“Shall I sound it out for you, so you can hear it?” I ask. I have no idea if this is against the rules. In fact, I don’t know if there are any rules. But I create one on the spot: what goes on in reading homework stays in reading homework. I do not want to be told off by E’s teacher for helping when I shouldn’t, or not helping when I should, or letting him off the hook too easily, or keeping him, sobbing, on the hook for too long. Bloody hell. Who knew learning to read was so bloody complicated?

“A-s,” I sounded out, trying to make it more obvious.

“Don’t tell me mummy! You told me! I know it now! That’s what I was going to say.” He placed his hand over my mouth so I couldn’t help him further, which reminded me, next time we sit down after school to do some reading, I am going to make him wash his bloody hands first.

And so we continued. E vacillated between the euphoria of reading a word, and forehead-slapping despair when the letters made no sense whatsoever, no matter how many times he pressed those buttons. I assured him that is was not important, and it would get easier, and it was all about trying, which we both knew sounded a lot like something you would say to a complete loser.

A couple of weeks later and we have progressed to four letter words. No, not those kinds of four letter words. I have muttered a few of those, under my breath, as E loses patience with himself and declares he won’t do any more. I will him to do well every time we sit down with the word sheets, so he can jump up and down with the joy of knowing that those four letters in front of him spell ‘less’ and try not to keep saying ‘no’ when he gets it wrong six times in a row. Should I be saying no? Should I dress it up as a ‘nearly’, or a ‘good try’? I feel as if I really should have undertaken some teacher training to be sitting here with my son, being partially responsible for helping him to learn to read. Keep it light and happy, I tell myself, as I watch him lay his head on the table as he gets it wrong again. I may join him at this rate.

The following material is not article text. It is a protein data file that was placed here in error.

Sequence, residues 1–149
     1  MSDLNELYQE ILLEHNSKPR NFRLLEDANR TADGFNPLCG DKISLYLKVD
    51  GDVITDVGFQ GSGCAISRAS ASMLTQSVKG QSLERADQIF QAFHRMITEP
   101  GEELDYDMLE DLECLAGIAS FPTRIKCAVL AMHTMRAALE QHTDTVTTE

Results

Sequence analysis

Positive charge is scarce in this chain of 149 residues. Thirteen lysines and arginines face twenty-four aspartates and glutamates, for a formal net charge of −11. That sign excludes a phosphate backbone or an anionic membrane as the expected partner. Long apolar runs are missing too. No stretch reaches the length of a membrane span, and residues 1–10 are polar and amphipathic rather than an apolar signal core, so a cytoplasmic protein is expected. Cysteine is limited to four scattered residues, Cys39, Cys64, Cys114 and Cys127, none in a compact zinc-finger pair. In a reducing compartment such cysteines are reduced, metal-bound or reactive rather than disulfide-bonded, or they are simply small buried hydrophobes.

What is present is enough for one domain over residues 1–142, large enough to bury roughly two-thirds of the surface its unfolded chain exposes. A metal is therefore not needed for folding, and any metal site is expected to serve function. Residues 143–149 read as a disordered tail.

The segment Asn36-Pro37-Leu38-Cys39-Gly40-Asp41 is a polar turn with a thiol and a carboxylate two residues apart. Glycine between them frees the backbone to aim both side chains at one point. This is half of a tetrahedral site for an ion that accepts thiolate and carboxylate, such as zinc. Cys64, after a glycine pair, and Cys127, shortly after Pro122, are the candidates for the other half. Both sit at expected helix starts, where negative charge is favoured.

“Never mind!” I chirp, wondering momentarily if he is dyslexic, due to his constant confusion between ‘b’ and ‘d’, then realising that no, he is just probably slow on the uptake. We both stare at the word sheet, and I try not to remember the comment from the teacher in his reading record book telling me it would be helpful if he practised his words at home. I couldn’t decide if I was more pissed off that she thought we didn’t practise, or that E was so bad at reading that it just seemed as if we did not practise. So I just ground my teeth and flared my nostrils and contemplated writing something very rude in his reading record book.

And then there’s the reading books. The excitement of having a book with actual words that he is expected to read fades rapidly in the face of his point blank refusal to read it, as it is “too tricky”. I explain that it is only tricky because he thinks it is, and if he thought it was going to be easy it probably would be, which fooled precisely neither of the two people sitting at the table. After some gentle cajoling (which may or may not have involved a bribe, I couldn’t possibly say) we start to read the book.

“N-a-n…” he sounds out. This is a new word for him, and I see him scan the picture for clues. “Grandma?” he offers. As a complete guess, it could be worse, I suppose. I ask him to try again.

“N-a-n,” he repeats. “Lady?” I take a deep breath. I once quite fancied being a teacher. Now I realise that I would be a crap teacher, as my single urge at this point is to flick his ears and tell him to stop bloody guessing and READ IT PROPERLY. Eventually, I help him with the word and we move to the next.

“S-i-t-s,” he sounds out. There is a pause. Another new word. He think about it for a while. “Acrobat?” Acrobat? Acrobat? It is wrong on so many levels I am not sure what an appropriate response would be, apart from ‘pass the wine please’. So I laugh, then realise that of all appropriate responses, that is approximately last on the list, and so we sound it out together and finally, about three weeks after we started this two-word sentence, we have it. Nan sits. Well good for fucking nan. Forget sitting, nan. What I need is a bloody good lie down.